Through the ages of human history, it has been recognized that conventional social space is rigidly and deeply constrained by two structural positions - veniral (‘achieved’) and ascriptive (‘hereditary’) - with corresponding individual and collective identities, physical characteristics, social statuses and expectations. The significance of ascriptive positions can hardly be overestimated for they consist of some fixed social ‘properties’ that resist voluntary transformations and, thus, constitute a primordial normative order of binary combinations of cognitive, physical and social limits. The article focuses on three structural ascriptions that reproduce primordial social heteronormativity with ‘ontological’ binaries: (1) sexual (male-female), (2) genetical (sexual-asexual) and (3) biological (animate-inanimate). These strong evolutionary differentiations have reproduced primordial heteronormativity of social order and have not been under morphogenesis until recently being protected by various taboos and restrictions. The widely recognized ‘metamorphosis’ of current social changes includes transformation, mutation, and reinvention of social identities of agents. Proponents of post-humanism name them ‘morphological freedom’ and ‘flat ontology’. Two well-known transhumanists - A. Sandberg and N. Bostrom [3; 27] - introduced the term ‘morphological freedom’ to define all options of voluntary transformations of human body with such technologies as cosmetic surgery, genetic engineering, nanotechnology, cyborgization (prosthetics), uploading of consciousness, and vitrification (rapid freezing before or immediately after death). Gender reassignment surgery, implantation of artificial organs and body parts, transplantation of artificially grown organs, and genome editing is already a reality. Some genetic scientists (Dr. G. Church) believe that the problem of aging is also on the verge of solution. Morphological freedom also means reproductive freedom: it gives people the right to choose the way of getting children and modifying their genetic portrait. In 2016, H.T. Greely published a book The End of Sex and the Future of Human Reproduction predicting that within next 20 years fertilization with stem cells (taken from parental skin) and genetic programming of children will become an accessible, legal and safe technology that will make ordinary sex an unnecessary and unreliable means of reproduction [13]. Despite the fierce bioconservative criticism (L. Kass, J. Rifkin, 1. Sandel) pointing to the genetic inequality and unpredictable medical consequences of eugenic experiments, one can see the inevitability of the future development of such services. Therefore, there are emerging biotechnologies and social institutions that determine bioeconomics, biocapitalism, biocitizenship, and biosociality in general. 2. Rose speaks of modern ‘molecular discourse’ as the apotheosis of historical biopolitics discovered by M. Foucault as a basic element of social control and (bio)power: “Molecular biopolitics grants new mobility to the very elements of life that become objects of biological, interpersonal, geographic and financial operations” [26. Р. 15]. The second aspect of current post-human era is the recognition of ‘flat ontology’ (М. DeLanda, G. Harman) that deprives a human of exclusive ontological authorship of social agency. Although classical sociology considered sociality as a space for various human interdependencies, now in the post-human world ‘intersubjectivity’ and ‘interobjectivity’ (B. Latour’s term) constitute a single social-material dispositif, and social action becomes a more ontologically neutral social enactment. Therefore, the new non-hierarchical universe consists of such new social agentives as human embryos, animals, clones, robots, things, and artificial intelligence (the best samples of which have already passed the Turing test). Thus, there are evident normative interventions into the domain of primordial ascriptive reality that creates not only new social positions but also a new normative order in which conventional ascriptive distinctions cease to serve as social constants. There is a whole range of hybrid and/or strange statuses and identities with both veniral and ascriptive features. Transsexuals, robots, сlones сlaim social recognition by tolerating ascriptive deviance and eliminating conventional normative limits, which leads to the question - are there any ascriptions that still matter for social order, i.e. a mechanism for maintaining any of the designated morphological binaries under the growing normative morphogenesis. SOCIOLOGY OF TRANS-MOBILITY The classical definition of social mobility by P. Sorokin emphasizes the relocation of people and objects within social space in the symbolic and geographical dimensions; social mobility stands for any transition of an individual or social object or value from one social position to another [29. Р. 174]. However, a founding father of the Chicago school of sociology R.E. Park made an insightful discovery when assumed that the modern individual wants not only “to move freely and untrammeled over the surface of the mundane thing” but also “to live, like pure spirit, in his mind and in his imagination alone” [24. P. 156], i.e. to do one’s best to break ties with local and temporal landscapes and, thus, cease to be a ‘social plant’. It is the possibility to change social statuses freely that is a key feature of the modern society, according to Park. In the 21st century, 1. Urry develops a ‘new mobilities paradigm’ by suggesting five types of interdependent ‘mobilities’ that (re)produce social life and (re)form its contours [37. Р. 47]: 1. corporeal travel of people (from daily commuting to once-in-a-lifetime exile); 2. physical movement of objects (from goods to postal items); (3) imaginative travel through talk, print and visual media (e.g. magazines or television programs on travelling); 3. virtual travel based on live broadcast technologies or interactive digital space; 4. communicative travel through text, photograph and multimedia message exchange via telephone, fax, computer, mobile phone and other gadgets (e.g. Instragram). Some new performative interventions to social space through Urry’s mobilities skip the primary identifications. The ontological ‘metamorhosis’ in the post-human world of the 21st century implies such deep transformations as removal of ascriptive (ontologically ‘strong’) boundaries between primary assignments: (а) between human and human (for example, by legitimation of the embryos rights); (b) between cultural and natural (interracial ‘transitions’); (с) between animate and inanimate (social usage of humanoid and android robots); (d) between corporeal and incorporeal (‘augmented reality’ technology). There is a new area of strange and hybrid statuses and identities with a mixture of ascriptive and veniral characteristics that will be considered in the article as a ‘morphological trans-mobility’ (hereinafter - trans-mobility): it includes individual and self-acting transitions (‘passings’) from the prescribed to a new transitive position, and ‘external’ transpositions, i.e. compulsory symbolic and normative transformations of identities of individual and group subjects and objects. There are three typical forms of trans-mobility: visceral - aims at transformation of body ascriptions (radical body modifications, reassignment of sex, gender, race); conversional - breaks the line between corporeal and incorporeal ontologies, ‘life’ and ‘death’ in a variety of technologically advanced practices (from augmented and virtual reality to cloning); prosopopoeian - makes non-social creatures actively involved social agentives (from pets to robots). Certainly, the most sophisticated area of visceral trans-mobility today consists of gender and sexual transitions. According to H. Garfinkel and E. Goffman, heteronormativity of gender has been ‘ironclad’ until recently. However, gender and sexual performativity were legitimized in the queer theory (J. Butler) and far beyond the academic discourse, when in 2014 the Facebook provided its users in the Great Britain with 70 options of gender identity - from asexual and androgyne to polygender and two-spirit. Under current social changes such a heteronormativity has once and for all given way to comprehensive personal autonomy of body and imagination. However, such legitimization of the public gender even in developed societies does not cover sexual norms. K. Schilt and L. Westbrook conducted a number of interviews and crime chronicles analysis to show that patterns of communications with open transgenders in public provide ample opportunities to overlook the individual’s gender and construct ones’ gender identity in a strictly performative way (through gender display). But if a transgender is included in the sexual partners’ pool as a cisgender (gender normal), the status and role ascription changes and enables the ‘good old fashioned’ heteronormativity: “when a transgender person is not a potential sexual partner, biological credentials (the ‘right’ genitalia) are not required to claim membership in a gender category. By contrast, when the transgender person is found in a pool of sexual partners, the criteria for gender membership becomes stricter - cultural genitals are no longer enough and biological genitals are a necessity” [28. Р. 461]. Sanctions for violating the norms of sexual ascription can be dramatically severe: 56% of murders of transgenders in the USA (1990-2005) were explained by the feeling of deceit of the murderers by their victims [28. Р. 452]. There is a story of the US government guidelines for educational institutions that recognized the right of transgender children to use male or female bathroom according to their choice [7]. 11 states tried to repeal this directive, and it was withdrawn by the new administration of D. Trump. Since 2013, there is a call to use public unisex toilets at the legislative level; however, even the advocates of gender equality recognize that these facilities give freedom to transgender people but are unacceptable for most other people, especially for women: “not only do many women object to sharing a restroom with men, whom they perceive as less tidy, as well as potentially more threatening, many women also value the women’s room as a site of female sociability” [6. Р. 219]. In Thailand, where transsexualism has become uniquely favorable (for many reasons), the local government, nevertheless, denies transgenders (‘kathoeys’) legal sex reassignment and forbids to change physiometric data given at birth in their passports and other documents. Thus, morphogenesis of polynormativity within gender trans-mobility is confronted by the primordial sexual order on the normative level, which requires to distinguish sexual primordial and secondary gender ascriptive social norms. ARGUMENTS AGAINST HUMAN CLONING Cloning issues reveal transitions and transpositions between life and death, corporeal and incorporeal dimensions within conversional trans-mobility. In 1996, I. Wilmut failed 276 times before he finally managed to create the first cloned mammal (Dolly the sheep). Today we have enough technologies to create an almost unlimited number of cloned generations of any prototype. In 2013, the Center of Biology and Development of the RIKEN Institute managed to give birth to 581 clones (25 generations) from a single cell of one rodent [38]. From the biological perspective, this original donor mouse defeated death, and its post-mortal trans-mobility in the infinite generations of clones is an ultra-technological way of realizing the humanity’s dream of immortality. In 2005, the United Nations General Assembly adopted a Declaration on Human Cloning prohibiting all forms of producing clones “inasmuch as they are incompatible with human dignity and the protection of human life” [36]. The declaration prohibits both therapeutic cloning, in which cells are cloned from a human for medical use and transplants, and reproductive cloning - creating a living genetic duplicate. Though several countries disagreed with the declaration, there is still cloning moratorium. To date, no human clone has been born but in 2008, researchers successfully created five mature human embryos by using somatic cell nuclear transfer technology (SCNT) - the nucleus of a somatic cell was taken from a donor and transplanted into a vacant host egg cell. The embryos were only allowed to develop to the blastocyst stage, studied and then destroyed [11]. So, technically we can do it, and, contrary to the popular belief, a reproductive human clone would not be fully identical to the donor for we clone genotype not phenotype. Moreover, even under the same conditions growing cloned organisms would differ due to inevitable random deviations. However, there is an agreement in the international community that reproductive cloning is very dangerous. The human ambition to conquer death as the epitome of evil, chaotic and unknown has persisted throughout history from the ancient Hindu ideas of reincarnation to the Christian dream of resurrection and today’s reproductive genetics. Therefore, cloning can be considered a cherished ideal to fight death, and it works for our beloved passed away pets. However, when it comes to human being, the issues of cloning (perceived as a controlled post-mortal trans-mobility) reveal the predominance of deep fear that is manifested in bans of human reproductive and therapeutic cloning at the institutional level and in a new psychiatric disorder related to the phobia of cloned humans (bionalism) at the cognitive level. World religions differently explain their will to prohibit human cloning [16]. And secular norms based on the Kantian notion of human dignity support them. Arguments against reproductive cloning are of technical and medical nature such as weakening and undermining the original idea of human reproduction and family, unclear relationship between the cloned baby and its ‘creator’, unclear personal identity and disturbed psychological development of the cloned baby, eugenic questions (considering genetical ‘enhancement’ of people), possible illicit cloning, etc. Thus, normative morphotaxis recognizes uniqueness of personal identity as the very core of social order, and human cloning challenges the ontological and normative notion of being human. It is the fact that every individual is viscerally unique that supports human dignity - human’s right to have one’s own inherent individuality with specific mind and appearance. Since the late 18th century there has been the literary and philosophical idea of threatening ‘uncanny double’ (Doppelganger) created by body manipulation and psychological multiplicity. According to J. Francavilla, “the double threatens the extinction of differences between oneself and all others, which means that the double jeopardizes individual identity (defined by such differences) by threatening usurpation of, possession of, substitution for, or the obliteration of the self” [10. Р. 111]. The idea of the clone is frightening because even if it looks and acts like a copy it cannot and will not be one. The possibility of multiplying individuals by using genetic material would radically alter not only one’s perception of self and others but the very personal identity: “this could potentially cause a Copernican revolution directly affecting the concept of Human Dignity” [30. Р. 67]. This fact and asexual human reproduction in general breaks deep taboos, which represent an infringement of recognizing human in the humanity. SOCIALIZING NEW AGENTIVES For a long time, only humans have been endowed with social agency that strongly depend on social status including gender, race, estate, caste, etc. Nevertheless, the gradual transformation of some traditional hereditary ‘opportunity structures’ (R. Merton’s term) under modernization determined normative morphogenesis that eliminates or changes conventional normative discrimination. Abolition of slavery, integration of ‘barbarians’, enfranchisement of women, racial desegregation, reform of caste system and recognition of the gay minority rights are well-known historic contributions to such normative morphogenesis. In last decades, we witness a new social agency - of non-human nature. According to E. Durkheim, this is impossible: “Material objects ...are the matter to which the vital forces of society are applied, but they do not themselves release any vital forces. Thus, the specifically human environment remains as the active factor” [9. Р. 136]. However, it is happening due to prosopopoeian trans-mobility - when originally nonsocial subjects and objects undergo social personification. This is the essence of prosopopoeian trans-mobility: transitions and transpositions from nonsocial universe into social community, emergence of neo-social and neo-morphic creatures as equal to humans in social communication on the als ob principle: they are treated as if they were humans. Such a list includes all subhuman organisms (from embryos to animals), inanimate creatures and neo-morphs (from ‘smart devices’ to robots) - together they make up a cluster of social co-agentives of humans. Borrowing some terms (agentives, co-agentives, instrumentals) from the grammar theory that analyzes the underlying role structures of language (C.J. Fillmore) is deliberate for it provides sophisticated codifications of various statuses and role transformations of actors in any proposition by the semantics of predicative expressions. The authors of the ‘actor-network theory’ were the first to attach an important sociological meaning to the notion of an ‘actant’ - this fundamental term of their theory was borrowed from the French linguist L. Tesnière. The most recognizable advances in the field were made by ‘socializing’ animals and pets. The animal rights movement has existed for few centuries: the first animal protection laws were adopted in the 17th century when the acts of violence and cruelty to domestic animals (e.g. pulling wool off sheep, attaching ploughs to horses’ tails, etc.) were prohibited first in Ireland and then in New England. In the 20th century, prominent environmentalists A. Leopold, P. Singer, A. Naess encouraged consistent recognition of the animal moral and legal rights in human community. However, there are still debates on the extent to which animals can be considered human-like (with all normative consequences). The most impressive cases of ‘socialization’ and ‘personification’ of ‘non-humans’ as co-agentives can be found today in the field of technological design and social robotics. Owners of Roomba, an autonomous robotic vacuum cleaner, find their little automated assistants adorable and give them names like pets, thus, setting up an emotional connection and entertaining the self-inspired illusion of having relationships with them as if with individualized animate creatures. The idea of anthropomorphic robots walking among people no longer seems imaginary about the future. Today, we are at the beginning of the era of universal robotization, and in the sociological perspective existing prototypes of humanoid and especially android robots claim to be neomorphic (synthetic) personalities embodying the amalgam of a recognizable body, intelligent ‘mind’ and social personality (‘persona’), i.e. can be perceived as ‘Other’ who (re)constructs patterns of sociality in a situation of co-presence. The robot has a ‘face’ resembling or looking human, dramatically changes the communicative situation with predictable normative, social and psychological consequences. When interacting with humanoid robots, our brain is not capable of constantly staying focused on the fact that their signals are of inanimate and can be ignored. The ‘humanness’ of such objects implies social expectations, thereby sooner or later a person tends to treat humanoid machines in the same manner as people. When T. Burnham and B. Hare, asked the participants of their experiment to play a game in which they were to donate money, a mere eye contact with a robot named Kismet with human-like eyes increased donations by 30%, which was a co-agency effect of the conventional demand to be or seem more generous and kind to a vis-à-vis partner [5]. We have long been communicating with personal computers and laptops but we perceive them as instrumentalis; however, when a computer becomes more ‘animate’, our attitude changes. In another study, the experiment participants were to play a game of cards with a computer with a virtual ‘avatar’ (‘identity’) that provided real person’s verbal responses. The researchers created two avatars identical in appearance but different in behavior: one perfectly imitates human facial expressions, smile, raises eyebrows and was able to establish a non-verbal contact: the other was more ‘mechanical’ and incapable of accurate facial expressions. So, when interacting with the more ‘living’ avatar, the participants tended to psychologically see it as human, so at the grammatical level the ‘human-computer’ dialogue was completely on par with a ‘human-human’ dialogue in terms of language [14]. In 1970, M. Mori discovered in his experience of introspection a superordinary psychological effect of rejection when perceiving artificial objects too accurately imitating a living person or body parts. He made a hypothetical chart that should have reflected the connection between the human likeness and perceptive attractiveness of different subjects and objects including robots. Mori’s hypothesis supposed that the more an object is similar to a human, the more sympathy it recieves but only to a certain extent after which there is a sharp U-shaped decline known as the ‘uncanny valley’ (Fig. 1). This name appeals to the German term ‘Unheimlich’ (eerie) used by S. Freud as a title of one of his articles on the psychoanalysis of German fairy tales and those frightening images that create an atmosphere of horror: “dismembered limbs, a severed head, a hand cut off at the wrist... feet which dance by themselves... - all these have something peculiarly uncanny about them, especially when, as in the last instance, they prove capable of independent activity in addition” [12. Р. 244]. However, Freud himself followed E. Jentsch who in 1906 in his essay On the Psychology of the Uncanny argued that the feeling of fear of the ‘undead’ is determined by intellectual uncertainty and unfamiliarity with such an object. Jentsch mentioned the sense of doubt “as to whether an apparently living being really is animate” and, on the contrary, “doubt as to whether a lifeless object may not in fact be animate” [17. Р. 221] referring to the impression of the wax-work figures, ingeniously constructed dolls, and automata. He also considered the ‘demonic effect’ of epileptic seizures and manifestations of insanity as they provide an observer with a “dark knowledge that mechanical processes are taking place in that which he was previously used to regard as a unified psyche” [17. Р. 226]. Unexpected sudden movements, unnatural color of artificial skin, ‘dead eye’ effect, etc. can cause fear and terror for they serve as a reminder that it is not an (ordinary) human being but something deeply alien. The same feelings can arise when looking at wax dolls, zombies, dead, possessed people, physically and mentally disabled, and even epileptics. Figure 1. U-shaped decline known as the ‘uncanny valley’ The original chart by Mori describes the relationship between the human similarity of an object (the axis of abscisses) and its attractiveness (the axis of ordinates). The more something resembles a living person the more attractive it is; a moving humanoid robot and a big stuffed animal are much more attractive than an industrial robot. But at a certain phase of perception similarity turns into rejection and horror (the demon mask (yase otoko) or the old man’s mask (okina) from the traditional Japanese musical theater No, an ordinary doll, a corpse, a prosthetic hand). At the same time, moving objects are more susceptible to the ‘uncanny valley’ effect: a zombie, a myoelectric hand, a bunraku puppet (able to blink, put out its tongue, move its eyebrows and fingers). A dotted arrow from top to bottom in the lower zone of the ‘uncanny valley’ marks the perceived unexpected death of a healthy person [23]. A crucial distinction of the uncanny valley (the U-shaped zone) from the extreme left and extreme right sides of the chart is that it includes strange and hybrid creatures that possess characteristics of both ‘normal’ human and inanimate object. However, only since the mid-2000s, the global development of robotics has become one of the main trends of technical design and the ‘uncanny valley’ phenomenon was finally recognized [22]. Many empirical studies in the field of cognitive psychology were conducted to confirm or disprove the original Mori hypothesis. Some researchers proved nonlinear effects of perception of the neo-morphic objects by adults [4; 21; 33], children [35], infants [18; 20], and even primates [31]. Other studies confirmed alternative models of perception of the ‘uncanny’, for example, the ‘uncanny cliff’ [2] or ‘uncanny wall’ [34]. Some authors denied the enhancement of the repulsive impression when perceiving moving androids [25; 32] form the original Mori hypothesis. Nevertheless, there are still no sufficient data to deny perception abnormalities in communications with androids, i.e. there is always a chance of an ‘uncanny’ impression of a robot. In one of the most ambitious studies of the pioneer of the American android science 2. MacDorman (with S. Entezari), nine personality characteristics were operationalized and studied on a sample of about 600 people as sensitivity factors to the effect of ‘uncanny valley’: negative attitudes to robots; animal reminder sensitivity; cognitive dissonance in the perception of android within the pattern ‘a person or a machine’; anxiety; neuroticism; perfectionism; personal distress; religious fundamentalism; tendency to cognitive allocation of androids in a separate category of surrounding objects (human-robot-android) [19]. All participants had previously passed special tests for susceptibility to certain factors (mainly on the Likert scale), watched videos with six moving images of a robot vacuum cleaner, a humanoid robot, three androids with conspicuous deviations in appearance, and an ordinary person. The effect of the ‘uncanny valley’ was assessed by indicators of ‘eeriness’, i.e. repulsive impression, and ‘warmth’, i.e. attractiveness. All participants manifested this effect; however, religious fundamentalism, animalism, anxiety, sensitivity to deviations in the appearance and behavior of a robot had an indirect impact on the ‘uncanny valley’ effect, while the cognitive commitment to strict man/machine categorization and negative emotions to robots directly increased the eeriness or reduced the warmth in the perception of an android. Different factors had different impact, for example, religious fundamentalism nd perceptive dissonance correlated more with the ‘warmth’, while ‘animalism’ and anxiety had a greater impact on the enhancement of the ‘uncanny’. According to K. MacDorman, this can be explained by the nature of these characteristics: the former are cultural patterns, while the latter represent the biological adaptation mechanisms to detect an external threat [19. Р. 160]. Such a study of the mechanisms of perception of neo-morphic objects is more important for human knowledge than the scientific design of more attractive models of new robots. The human rejection of the uncanny object in communication is just another result of morphotaxis process, i.e. reproduction of morphological order that combines biological, cognitive, social and other constraints. Prosopopoeian morphogenesis associated with the active usage of robots and avatars in social life faces the resistance of rigid morphotaxic elements embedded in the primary cognitive-normative structures. It is the binary organization of basic evolutionary dichotomies that forms ontological boundaries of the human world. One of such ontologically fundamental dichotomies is the (overlapping) distinction of ‘human-nonhuman’ and ‘alive/animatedead/inanimate)’. Issues of abortion, euthanasia, artificial intelligence also manifest the ontological tension of these poles. *** The dichotomized sexual, genetical and biological patterns with the corresponding social norms continue to constitute the morphological foundation of the primordial social order despite advanced post-human practices. Transitions and transpositions between the poles are of a transgressive (‘forbidden’) nature that evoke some compensatory and hypercompensatory processes in social order defined as normative morphotaxis. Under the current trans-sociality, it depends on the effectiveness of mechanisms for the protection of primordial solidarity based on shared social norms of recognition and non-recognition. The structural ties of normative morphogenesis and morphotaxis can be defined as a collision of recognition and non-recognition [15]. There are at least three functional levels of social order for this collision: cognitive level - acceptance/ love or fear/anger/rejection (we love pets, we want to clone them, but we are afraid of too realistic android robots); moral level - respect (freedom, dignity) or contempt and humiliation (problem of euthanasia, racial transitions, artificial intelligence behavior); legal level - on the one hand, institutionalized inclusion of transgender people, animals and human embryos, on the other hand, human cloning is legally prohibited. Being socially recognized implies acceptance at all three levels. Further development of science and technology can change our ideas on being human, male or female, animate or inanimate. However, at a certain stage of technological development (in the near future), society will be able to survive without sex for reproduction and grow embryos with preprogrammed genes or edit genome at an early childhood, which will make the issues of human cloning and impelled sex reassignment redundant. Moreover, the social use of superpowerful artificial intelligence seems to put at risk human ontological sovereignty and social security. The structures of non-recognition reproduced in normative morphotaxis will not be eliminated by any technological progress or ‘morphological freedom’ but will necessarily find new ways to support trans-mobility and control its risks.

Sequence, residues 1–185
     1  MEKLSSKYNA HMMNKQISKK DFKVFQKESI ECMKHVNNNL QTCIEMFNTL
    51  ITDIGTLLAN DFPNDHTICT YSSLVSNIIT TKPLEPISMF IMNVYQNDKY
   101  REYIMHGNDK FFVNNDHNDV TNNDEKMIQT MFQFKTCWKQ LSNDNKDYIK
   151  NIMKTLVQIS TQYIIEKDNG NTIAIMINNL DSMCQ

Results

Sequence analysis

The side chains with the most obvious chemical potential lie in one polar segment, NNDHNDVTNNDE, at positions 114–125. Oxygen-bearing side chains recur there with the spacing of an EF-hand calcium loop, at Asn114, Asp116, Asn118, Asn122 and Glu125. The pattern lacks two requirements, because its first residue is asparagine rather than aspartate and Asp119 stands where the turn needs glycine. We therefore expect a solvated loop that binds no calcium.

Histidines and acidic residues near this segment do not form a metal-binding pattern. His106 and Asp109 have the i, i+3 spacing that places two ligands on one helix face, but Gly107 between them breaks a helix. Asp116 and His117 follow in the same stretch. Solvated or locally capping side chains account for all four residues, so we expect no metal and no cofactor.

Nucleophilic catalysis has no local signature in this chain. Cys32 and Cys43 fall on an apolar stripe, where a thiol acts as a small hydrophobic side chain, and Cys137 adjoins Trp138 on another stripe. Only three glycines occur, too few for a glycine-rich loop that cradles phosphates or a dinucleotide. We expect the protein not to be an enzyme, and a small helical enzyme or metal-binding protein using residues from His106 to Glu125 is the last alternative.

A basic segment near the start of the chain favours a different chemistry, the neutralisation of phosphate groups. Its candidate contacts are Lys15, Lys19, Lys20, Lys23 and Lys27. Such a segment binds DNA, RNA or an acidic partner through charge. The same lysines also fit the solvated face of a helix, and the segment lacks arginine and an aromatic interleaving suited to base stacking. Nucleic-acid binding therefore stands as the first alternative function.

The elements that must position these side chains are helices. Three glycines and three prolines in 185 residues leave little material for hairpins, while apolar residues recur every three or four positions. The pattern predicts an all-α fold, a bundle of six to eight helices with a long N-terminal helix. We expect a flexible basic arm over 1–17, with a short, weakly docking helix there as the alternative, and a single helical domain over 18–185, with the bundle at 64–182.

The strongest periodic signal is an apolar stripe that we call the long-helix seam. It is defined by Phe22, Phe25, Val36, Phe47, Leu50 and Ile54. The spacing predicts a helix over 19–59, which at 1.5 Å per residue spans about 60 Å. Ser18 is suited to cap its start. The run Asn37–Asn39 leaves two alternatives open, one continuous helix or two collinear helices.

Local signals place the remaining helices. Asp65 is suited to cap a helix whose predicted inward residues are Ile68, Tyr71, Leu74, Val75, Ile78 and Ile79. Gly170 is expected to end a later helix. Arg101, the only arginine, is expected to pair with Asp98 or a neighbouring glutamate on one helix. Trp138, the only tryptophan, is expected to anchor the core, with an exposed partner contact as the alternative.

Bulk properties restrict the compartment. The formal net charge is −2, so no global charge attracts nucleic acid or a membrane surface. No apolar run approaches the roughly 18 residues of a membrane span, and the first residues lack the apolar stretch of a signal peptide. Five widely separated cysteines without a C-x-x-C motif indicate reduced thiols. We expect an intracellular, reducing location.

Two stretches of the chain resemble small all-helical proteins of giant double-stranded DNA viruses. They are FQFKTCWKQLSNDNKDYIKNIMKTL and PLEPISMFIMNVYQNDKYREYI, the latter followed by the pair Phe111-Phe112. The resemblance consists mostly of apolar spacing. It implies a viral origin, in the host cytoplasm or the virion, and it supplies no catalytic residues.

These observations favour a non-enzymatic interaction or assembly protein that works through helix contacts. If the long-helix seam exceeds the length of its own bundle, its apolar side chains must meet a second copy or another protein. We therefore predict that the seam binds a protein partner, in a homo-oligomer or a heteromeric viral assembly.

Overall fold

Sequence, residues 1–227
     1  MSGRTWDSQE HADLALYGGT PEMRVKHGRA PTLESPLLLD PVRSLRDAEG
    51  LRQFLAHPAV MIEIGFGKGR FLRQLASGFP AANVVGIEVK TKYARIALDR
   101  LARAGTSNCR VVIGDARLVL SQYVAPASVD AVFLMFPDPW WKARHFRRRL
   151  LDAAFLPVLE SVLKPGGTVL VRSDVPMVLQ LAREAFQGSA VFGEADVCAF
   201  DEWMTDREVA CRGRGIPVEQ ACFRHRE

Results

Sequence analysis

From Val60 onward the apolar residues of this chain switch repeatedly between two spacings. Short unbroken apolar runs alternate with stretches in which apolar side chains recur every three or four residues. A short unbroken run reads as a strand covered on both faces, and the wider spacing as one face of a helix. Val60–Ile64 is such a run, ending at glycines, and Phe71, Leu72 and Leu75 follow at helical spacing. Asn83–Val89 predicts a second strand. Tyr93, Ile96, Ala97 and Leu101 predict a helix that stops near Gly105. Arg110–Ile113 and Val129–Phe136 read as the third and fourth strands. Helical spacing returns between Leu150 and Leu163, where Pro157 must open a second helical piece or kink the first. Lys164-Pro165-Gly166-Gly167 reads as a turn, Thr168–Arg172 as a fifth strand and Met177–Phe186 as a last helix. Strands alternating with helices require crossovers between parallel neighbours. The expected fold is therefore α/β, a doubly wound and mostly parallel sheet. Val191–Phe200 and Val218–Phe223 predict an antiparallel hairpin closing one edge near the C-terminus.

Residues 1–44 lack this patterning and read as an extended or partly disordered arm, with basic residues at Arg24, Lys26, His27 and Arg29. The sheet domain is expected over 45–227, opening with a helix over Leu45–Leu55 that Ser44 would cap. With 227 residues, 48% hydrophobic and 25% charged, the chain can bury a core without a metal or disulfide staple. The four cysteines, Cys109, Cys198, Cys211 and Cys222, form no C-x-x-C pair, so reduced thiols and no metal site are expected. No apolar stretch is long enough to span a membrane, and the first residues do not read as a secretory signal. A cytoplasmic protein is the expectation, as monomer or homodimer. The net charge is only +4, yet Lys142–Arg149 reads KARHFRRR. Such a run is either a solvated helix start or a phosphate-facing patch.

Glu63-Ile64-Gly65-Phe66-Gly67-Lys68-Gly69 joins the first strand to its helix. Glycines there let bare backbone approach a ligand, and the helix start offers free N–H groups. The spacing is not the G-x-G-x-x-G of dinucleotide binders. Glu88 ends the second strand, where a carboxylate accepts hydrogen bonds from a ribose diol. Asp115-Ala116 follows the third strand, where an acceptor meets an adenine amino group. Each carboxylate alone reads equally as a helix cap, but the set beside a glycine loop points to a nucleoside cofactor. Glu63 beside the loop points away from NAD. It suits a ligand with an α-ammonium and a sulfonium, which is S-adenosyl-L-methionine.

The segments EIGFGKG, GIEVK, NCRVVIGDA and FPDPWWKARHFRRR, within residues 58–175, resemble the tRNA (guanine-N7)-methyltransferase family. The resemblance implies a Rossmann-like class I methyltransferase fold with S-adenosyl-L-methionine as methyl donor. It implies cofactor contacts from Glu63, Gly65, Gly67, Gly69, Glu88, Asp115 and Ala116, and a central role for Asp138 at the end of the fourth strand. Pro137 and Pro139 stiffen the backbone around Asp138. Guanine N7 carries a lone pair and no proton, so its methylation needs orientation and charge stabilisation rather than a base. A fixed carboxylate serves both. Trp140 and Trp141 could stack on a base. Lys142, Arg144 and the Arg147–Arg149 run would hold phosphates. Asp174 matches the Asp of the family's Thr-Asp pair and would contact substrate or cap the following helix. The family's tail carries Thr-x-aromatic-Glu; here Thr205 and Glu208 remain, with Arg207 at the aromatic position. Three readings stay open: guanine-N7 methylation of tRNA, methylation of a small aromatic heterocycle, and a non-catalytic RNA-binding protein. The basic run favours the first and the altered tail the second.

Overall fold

I V Katernyi